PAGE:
I have not been very lucky recently with older bottles of Mugnier, let’s call it pre-1998? A bottle of 1993 Mugnier Chambolle Musigny Les Amoureuses was a prime example. It was grapy and not particularly complex. It did have good earth and dust, and a round and tender personality, but it was light on its flavors and one-dimensional (90).
The 1990 Dujac Charmes Chambertin is the best Dujac Charmes I’ve ever had, which shouldn’t be a surprise because Dujac absolutely crushed the 1990 vintage. This had sweet perfume, purple fruit and wintry spice. The palate was full of more purple fruits, round with honey kisses and some terrific herbal tea flavors (94).
The hits from Dujac kept coming with a rockstar bottle of 1990 Dujac Clos de la Roche. There was even more amazing perfume here that was so sensual. It had gorgeous purple hues, colors and flavors that danced delicately and delivered in the form of fruits and flowers with kisses of leather and dust on it finish. It was so fine and elegant but still had so much substance with a long, creamy and happy ending (97+).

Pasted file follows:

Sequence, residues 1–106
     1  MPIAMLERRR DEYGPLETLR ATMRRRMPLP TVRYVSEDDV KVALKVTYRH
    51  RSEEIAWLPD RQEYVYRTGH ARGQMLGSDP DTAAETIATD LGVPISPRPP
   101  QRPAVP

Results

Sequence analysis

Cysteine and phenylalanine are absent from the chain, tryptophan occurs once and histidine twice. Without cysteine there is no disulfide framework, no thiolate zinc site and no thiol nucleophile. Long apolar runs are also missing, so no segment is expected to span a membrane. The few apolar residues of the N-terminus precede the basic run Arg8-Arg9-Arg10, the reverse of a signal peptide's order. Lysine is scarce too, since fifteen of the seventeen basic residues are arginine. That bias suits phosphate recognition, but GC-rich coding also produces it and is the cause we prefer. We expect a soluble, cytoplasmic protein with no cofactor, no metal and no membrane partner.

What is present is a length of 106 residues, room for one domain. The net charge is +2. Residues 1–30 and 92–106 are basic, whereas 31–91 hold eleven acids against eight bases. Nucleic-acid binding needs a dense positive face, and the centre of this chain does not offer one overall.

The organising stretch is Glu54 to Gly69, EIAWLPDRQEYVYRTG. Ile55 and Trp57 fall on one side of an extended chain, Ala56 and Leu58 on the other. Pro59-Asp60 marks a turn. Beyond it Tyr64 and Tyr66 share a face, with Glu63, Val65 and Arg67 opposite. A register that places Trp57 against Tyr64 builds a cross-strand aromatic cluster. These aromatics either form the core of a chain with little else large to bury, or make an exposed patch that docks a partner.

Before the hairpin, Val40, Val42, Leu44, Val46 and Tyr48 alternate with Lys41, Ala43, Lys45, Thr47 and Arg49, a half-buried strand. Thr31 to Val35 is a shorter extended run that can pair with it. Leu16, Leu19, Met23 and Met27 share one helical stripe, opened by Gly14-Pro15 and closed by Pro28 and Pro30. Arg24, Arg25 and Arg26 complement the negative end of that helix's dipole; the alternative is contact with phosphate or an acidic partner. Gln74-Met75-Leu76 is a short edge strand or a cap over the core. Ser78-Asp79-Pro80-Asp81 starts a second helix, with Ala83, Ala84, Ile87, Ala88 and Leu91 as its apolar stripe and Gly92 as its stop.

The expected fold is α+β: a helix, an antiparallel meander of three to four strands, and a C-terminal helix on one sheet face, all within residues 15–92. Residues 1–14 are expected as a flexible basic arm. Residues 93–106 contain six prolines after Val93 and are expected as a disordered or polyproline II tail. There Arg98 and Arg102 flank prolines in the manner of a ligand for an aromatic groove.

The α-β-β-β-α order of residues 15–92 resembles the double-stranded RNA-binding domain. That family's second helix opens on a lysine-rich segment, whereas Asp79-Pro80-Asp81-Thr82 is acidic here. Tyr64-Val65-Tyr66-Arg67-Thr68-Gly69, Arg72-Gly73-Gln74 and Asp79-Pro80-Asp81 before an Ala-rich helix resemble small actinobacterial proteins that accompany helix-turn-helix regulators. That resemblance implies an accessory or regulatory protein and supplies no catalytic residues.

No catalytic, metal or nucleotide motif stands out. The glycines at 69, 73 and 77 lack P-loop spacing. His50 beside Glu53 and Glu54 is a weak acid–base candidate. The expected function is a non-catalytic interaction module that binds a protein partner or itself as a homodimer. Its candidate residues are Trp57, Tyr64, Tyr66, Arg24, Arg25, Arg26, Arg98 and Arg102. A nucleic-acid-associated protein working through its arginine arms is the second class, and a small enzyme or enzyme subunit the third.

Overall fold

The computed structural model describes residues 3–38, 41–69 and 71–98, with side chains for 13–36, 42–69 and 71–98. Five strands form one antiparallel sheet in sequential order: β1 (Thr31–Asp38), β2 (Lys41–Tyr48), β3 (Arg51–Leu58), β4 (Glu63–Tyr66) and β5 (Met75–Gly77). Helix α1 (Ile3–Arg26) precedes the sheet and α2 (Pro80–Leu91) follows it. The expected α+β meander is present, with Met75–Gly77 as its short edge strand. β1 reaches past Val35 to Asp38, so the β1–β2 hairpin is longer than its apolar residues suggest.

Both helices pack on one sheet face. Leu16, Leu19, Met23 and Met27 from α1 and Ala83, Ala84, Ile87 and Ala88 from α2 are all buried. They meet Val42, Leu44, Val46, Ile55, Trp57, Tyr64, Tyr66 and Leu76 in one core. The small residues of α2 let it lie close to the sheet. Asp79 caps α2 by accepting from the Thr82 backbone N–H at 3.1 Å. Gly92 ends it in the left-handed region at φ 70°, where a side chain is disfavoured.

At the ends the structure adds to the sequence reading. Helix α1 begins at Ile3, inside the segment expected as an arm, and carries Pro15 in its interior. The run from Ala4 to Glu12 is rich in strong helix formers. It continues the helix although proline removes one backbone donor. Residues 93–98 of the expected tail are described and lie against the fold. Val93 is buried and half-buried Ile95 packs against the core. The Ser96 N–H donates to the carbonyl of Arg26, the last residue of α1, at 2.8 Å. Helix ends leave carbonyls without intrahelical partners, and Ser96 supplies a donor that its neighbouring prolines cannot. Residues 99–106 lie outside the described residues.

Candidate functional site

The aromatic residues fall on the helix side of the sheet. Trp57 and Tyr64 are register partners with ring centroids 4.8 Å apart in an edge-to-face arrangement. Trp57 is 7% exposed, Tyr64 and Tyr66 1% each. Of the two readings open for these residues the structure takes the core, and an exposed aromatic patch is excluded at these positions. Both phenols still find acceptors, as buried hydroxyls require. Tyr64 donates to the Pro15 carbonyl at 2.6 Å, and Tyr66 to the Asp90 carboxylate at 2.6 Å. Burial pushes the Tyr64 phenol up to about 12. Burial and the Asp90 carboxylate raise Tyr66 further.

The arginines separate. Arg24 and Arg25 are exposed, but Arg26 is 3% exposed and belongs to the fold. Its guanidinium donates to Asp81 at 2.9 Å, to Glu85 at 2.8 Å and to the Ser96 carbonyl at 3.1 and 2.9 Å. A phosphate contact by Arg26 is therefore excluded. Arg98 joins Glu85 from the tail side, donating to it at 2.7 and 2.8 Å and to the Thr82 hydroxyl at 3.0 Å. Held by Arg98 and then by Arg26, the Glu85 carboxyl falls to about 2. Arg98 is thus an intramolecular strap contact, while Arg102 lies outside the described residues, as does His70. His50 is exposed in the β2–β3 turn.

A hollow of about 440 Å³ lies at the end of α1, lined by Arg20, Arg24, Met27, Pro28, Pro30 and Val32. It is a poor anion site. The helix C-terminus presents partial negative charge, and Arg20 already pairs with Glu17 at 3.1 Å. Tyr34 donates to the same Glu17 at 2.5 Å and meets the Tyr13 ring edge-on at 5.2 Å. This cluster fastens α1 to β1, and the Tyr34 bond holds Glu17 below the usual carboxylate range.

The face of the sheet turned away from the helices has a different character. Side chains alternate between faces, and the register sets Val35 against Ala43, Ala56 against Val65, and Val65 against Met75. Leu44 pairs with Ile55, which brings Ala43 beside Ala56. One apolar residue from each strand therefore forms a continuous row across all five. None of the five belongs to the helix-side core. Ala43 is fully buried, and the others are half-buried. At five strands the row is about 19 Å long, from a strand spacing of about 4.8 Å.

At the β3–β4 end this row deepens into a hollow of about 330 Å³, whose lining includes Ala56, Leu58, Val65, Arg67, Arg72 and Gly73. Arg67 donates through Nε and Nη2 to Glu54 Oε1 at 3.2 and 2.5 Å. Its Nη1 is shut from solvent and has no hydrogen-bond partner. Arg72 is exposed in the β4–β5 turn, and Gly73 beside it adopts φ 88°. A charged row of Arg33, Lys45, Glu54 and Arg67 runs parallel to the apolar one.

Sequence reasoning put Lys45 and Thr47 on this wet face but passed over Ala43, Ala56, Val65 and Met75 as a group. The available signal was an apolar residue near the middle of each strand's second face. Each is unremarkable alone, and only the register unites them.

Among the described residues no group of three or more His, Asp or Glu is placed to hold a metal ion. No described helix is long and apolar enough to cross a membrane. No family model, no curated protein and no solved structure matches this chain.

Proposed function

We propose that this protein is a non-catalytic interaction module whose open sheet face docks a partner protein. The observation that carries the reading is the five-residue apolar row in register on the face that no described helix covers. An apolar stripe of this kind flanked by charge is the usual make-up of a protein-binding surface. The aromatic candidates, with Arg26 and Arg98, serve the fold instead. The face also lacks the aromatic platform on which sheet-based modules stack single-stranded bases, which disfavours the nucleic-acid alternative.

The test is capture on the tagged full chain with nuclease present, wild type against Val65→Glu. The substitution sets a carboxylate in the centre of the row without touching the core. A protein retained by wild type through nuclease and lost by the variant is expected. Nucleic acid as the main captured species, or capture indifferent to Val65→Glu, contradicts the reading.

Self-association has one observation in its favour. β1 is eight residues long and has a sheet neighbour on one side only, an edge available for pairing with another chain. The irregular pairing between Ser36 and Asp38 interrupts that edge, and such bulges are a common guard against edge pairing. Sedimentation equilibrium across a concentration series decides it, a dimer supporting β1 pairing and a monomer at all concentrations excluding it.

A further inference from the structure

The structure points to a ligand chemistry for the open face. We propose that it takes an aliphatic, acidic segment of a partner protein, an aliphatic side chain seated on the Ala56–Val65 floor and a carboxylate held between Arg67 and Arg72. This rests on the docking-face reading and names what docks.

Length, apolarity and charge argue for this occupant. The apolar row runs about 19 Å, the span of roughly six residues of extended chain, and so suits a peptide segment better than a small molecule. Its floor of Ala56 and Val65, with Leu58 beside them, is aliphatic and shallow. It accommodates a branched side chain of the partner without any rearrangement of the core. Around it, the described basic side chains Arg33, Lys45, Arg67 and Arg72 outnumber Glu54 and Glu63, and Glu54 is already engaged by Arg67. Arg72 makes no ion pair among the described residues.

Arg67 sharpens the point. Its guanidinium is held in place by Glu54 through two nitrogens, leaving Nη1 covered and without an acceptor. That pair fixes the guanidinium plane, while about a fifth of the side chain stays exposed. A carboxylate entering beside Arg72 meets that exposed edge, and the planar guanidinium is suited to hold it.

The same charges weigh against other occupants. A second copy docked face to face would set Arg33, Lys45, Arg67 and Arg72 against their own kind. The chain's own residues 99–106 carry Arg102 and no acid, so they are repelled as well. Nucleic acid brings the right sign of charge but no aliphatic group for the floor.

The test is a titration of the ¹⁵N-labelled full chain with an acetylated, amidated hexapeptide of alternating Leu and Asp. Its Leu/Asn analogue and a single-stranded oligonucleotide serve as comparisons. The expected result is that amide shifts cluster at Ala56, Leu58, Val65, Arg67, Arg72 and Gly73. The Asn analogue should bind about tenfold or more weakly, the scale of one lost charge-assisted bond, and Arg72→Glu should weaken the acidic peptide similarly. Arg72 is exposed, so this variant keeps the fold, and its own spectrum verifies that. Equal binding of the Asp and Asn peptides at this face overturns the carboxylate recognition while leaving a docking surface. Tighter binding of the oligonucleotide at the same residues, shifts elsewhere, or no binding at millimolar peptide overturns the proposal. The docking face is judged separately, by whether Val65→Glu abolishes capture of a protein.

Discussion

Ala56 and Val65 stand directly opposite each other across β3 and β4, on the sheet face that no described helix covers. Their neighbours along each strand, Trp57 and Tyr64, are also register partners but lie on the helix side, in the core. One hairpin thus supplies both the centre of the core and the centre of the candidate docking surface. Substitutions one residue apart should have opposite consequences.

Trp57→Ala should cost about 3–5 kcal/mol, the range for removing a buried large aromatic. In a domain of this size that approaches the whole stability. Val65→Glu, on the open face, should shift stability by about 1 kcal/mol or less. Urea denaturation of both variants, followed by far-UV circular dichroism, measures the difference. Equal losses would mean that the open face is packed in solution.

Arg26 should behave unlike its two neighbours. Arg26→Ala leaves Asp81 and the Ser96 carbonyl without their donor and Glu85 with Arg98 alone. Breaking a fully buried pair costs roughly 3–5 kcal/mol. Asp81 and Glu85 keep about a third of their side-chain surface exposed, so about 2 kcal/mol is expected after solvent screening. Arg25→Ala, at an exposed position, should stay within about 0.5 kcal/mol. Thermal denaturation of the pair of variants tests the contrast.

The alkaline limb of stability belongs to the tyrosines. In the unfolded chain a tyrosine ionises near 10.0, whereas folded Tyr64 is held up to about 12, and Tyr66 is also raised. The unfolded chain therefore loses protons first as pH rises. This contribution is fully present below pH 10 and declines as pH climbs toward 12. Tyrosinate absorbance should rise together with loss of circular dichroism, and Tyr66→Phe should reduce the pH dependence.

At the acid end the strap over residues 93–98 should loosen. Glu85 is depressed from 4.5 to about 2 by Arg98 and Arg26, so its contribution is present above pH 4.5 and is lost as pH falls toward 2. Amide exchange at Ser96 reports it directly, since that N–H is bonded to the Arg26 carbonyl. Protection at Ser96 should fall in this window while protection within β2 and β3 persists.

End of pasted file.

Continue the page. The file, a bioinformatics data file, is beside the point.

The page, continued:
We had a Beze the other day, and now it was time for the ‘regular.’ The 1993 Rousseau Chambertin was so deep, super intense and incredibly youthful. Irv thought the wine was ‘unbelievable.’ It was rich, deep and round with lots of red cherry goodness. It was heavy in a light-footed way like a top defensive end, and a rich, mouth-filling wine. Great mushroom notes emerged in the end (98).
Out to Sea
One Last Sunset
Bye Bye Boat
1982 Chateau Mouton Rothschild is still a classic and great wine, and still young. 1982s are quickly becoming the 1961s of this generation, but the prices are still reasonable by comparison (97+)!
We finished the festivities with a delicious bottle of 1970 Vega Sicilia Unico. The ’70 Unico is as always and ‘again’ in a great spot for drinking now (97).
Happy Birthday, Lulu, looking forward to 2020 already!
In Vino Veritas,